Deuterium (D or 2H) is a hydrogen isotope with a nucleus of a proton and neutron rather than the more common isotope with just a proton as the nucleus. A water molecule including two deuterium atoms is called heavy water, and pure heavy water is indeed about 10% heavier than typical water. The effect of the additional neutron on chemistry is very slight: generally just slight changes in the speed of the reaction or the equilibrium between two compounds, but the differences can be used in observation to discover abundances, e.g., to study hydrology. Deuterium is often abbreviated D, which is sometimes used as a variable designating a quantity related to deuterium, such as the mass fraction of something. For example, Dp (p for "primal") has been used to indicate the mass fraction of deuterium produced by the Big Bang nucleosynthesis.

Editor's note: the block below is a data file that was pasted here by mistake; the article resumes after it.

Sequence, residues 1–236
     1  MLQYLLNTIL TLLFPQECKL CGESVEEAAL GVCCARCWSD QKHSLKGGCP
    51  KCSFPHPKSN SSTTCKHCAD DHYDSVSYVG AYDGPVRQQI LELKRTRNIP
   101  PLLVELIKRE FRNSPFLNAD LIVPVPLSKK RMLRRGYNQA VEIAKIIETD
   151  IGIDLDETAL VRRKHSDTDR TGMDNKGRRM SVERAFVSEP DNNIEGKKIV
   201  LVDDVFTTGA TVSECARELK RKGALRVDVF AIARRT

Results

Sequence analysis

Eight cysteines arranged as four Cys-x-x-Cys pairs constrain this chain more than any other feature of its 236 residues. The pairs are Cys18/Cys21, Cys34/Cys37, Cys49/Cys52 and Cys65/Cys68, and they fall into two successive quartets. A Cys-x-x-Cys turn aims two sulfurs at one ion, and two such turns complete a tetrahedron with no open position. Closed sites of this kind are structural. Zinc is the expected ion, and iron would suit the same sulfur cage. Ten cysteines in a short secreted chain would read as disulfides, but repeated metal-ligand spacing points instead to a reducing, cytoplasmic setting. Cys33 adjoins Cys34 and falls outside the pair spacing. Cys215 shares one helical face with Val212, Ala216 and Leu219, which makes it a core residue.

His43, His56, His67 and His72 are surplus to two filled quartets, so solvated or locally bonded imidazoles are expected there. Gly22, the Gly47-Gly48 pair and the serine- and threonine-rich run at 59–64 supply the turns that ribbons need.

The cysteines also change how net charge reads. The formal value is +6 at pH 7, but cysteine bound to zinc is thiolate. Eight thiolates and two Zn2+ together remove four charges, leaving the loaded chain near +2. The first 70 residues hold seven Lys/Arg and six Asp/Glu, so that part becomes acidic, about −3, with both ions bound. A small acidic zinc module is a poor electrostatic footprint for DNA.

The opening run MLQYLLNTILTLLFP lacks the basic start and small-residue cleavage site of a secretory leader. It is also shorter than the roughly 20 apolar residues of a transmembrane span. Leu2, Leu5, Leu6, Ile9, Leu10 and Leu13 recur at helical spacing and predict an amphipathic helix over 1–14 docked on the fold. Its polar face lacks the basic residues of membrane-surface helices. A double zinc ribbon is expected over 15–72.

Tritium (3H) is the hydrogen isotope with two neutrons. It is radioactive, decaying into helium-3 with a half life of 12.32 years, thus very rare in nature.